Adrenal gland and paraganglia
Adrenal medulla
Malignant melanotic tumors

Author: Pallav Gupta, M.D. (see Authors page)

Revised: 19 January 2016, last major update December 2013

Copyright: (c) 2002-2016, PathologyOutlines.com, Inc.

PubMed Search: Malignant melanotic tumors adrenal

General
  • Rare tumors with high fatality rate
  • Primary tumors may arise from sympathetic ganglia or pheochromocytoma
  • May represent metastasis
Epidemiology
  • Mean age 50 17 years
  • Almost 50% male
Pathophysiology / Etiology
  • Adrenal medullary blasts and melanoblasts both have neuroectodermal origin
  • As a result, ectopic melanocytes can exist in adrenal gland, causing metaplasia and malignant transformation, leading to melanoma
Clinical Features
  • Most commonly pain; also GI symptoms secondary to compression of adjacent structures
  • Survival usually <19 months
Radiology Description
  • Voluminous non-functional tumor showing heterogenous contrast enhancement on CT scan
Radiology Images
Images hosted on other servers:

Tumor in left adrenal gland

Mass in retroperitoneum

Lesion behind tail of pancreas

Case Reports
Treatment
  • Surgery is preferred; complete removal of tumor is usually accompanied by removal of adrenal and kidney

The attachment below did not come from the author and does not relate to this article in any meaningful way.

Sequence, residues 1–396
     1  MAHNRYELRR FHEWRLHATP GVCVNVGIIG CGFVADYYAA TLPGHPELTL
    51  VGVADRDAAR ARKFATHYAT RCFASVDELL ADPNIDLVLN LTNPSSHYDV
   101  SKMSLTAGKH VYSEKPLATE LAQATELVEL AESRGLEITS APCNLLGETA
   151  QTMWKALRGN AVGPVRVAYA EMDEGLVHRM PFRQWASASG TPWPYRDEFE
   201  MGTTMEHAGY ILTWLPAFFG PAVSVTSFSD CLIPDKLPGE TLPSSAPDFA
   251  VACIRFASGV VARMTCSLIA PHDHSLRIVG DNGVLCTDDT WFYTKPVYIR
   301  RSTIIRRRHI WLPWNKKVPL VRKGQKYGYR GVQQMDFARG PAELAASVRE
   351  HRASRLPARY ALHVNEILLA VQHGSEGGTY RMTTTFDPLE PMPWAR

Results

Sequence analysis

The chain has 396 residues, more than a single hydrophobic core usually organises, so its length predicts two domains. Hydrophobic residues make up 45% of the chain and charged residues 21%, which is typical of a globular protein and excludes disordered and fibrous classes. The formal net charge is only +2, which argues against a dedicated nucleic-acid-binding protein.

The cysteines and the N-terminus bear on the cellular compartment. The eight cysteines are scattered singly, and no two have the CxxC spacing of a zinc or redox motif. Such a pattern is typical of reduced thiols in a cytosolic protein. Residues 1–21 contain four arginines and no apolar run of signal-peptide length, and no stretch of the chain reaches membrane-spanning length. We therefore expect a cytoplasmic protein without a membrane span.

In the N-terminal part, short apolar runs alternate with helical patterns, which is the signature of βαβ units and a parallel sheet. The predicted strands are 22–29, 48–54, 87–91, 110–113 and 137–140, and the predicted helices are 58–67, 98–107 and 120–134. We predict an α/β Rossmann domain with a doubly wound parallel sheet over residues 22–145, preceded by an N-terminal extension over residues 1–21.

Gross Description
  • Mean size 11 4 cm
  • Brown or black
Micro Description
  • Pigmented cytoplasm, fusiform to spindle shaped nuclei, marked anisomorphism, prominent nucleoli
Micro Images
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H&E

Positive Stains
  • MelanA, HMB45, S100
Negative Stains
  • Synaptophysin, chromogranin
Electron Microscopy Description
  • Premelanosomes or melanosomes
Differential Diagnosis
  • Hematoma
  • Metastases from occult primary in skin, mucous membranes, eyes
  • Pheochromocytoma: synaptophysin+, chromogranin+, MelanA-, EM shows neurosecretory granules
  • Pigmented adrenal adenoma: usually < 5cm, low molecular weight cytokeratin+, negative for HMB45, S100, MelanA
Additional References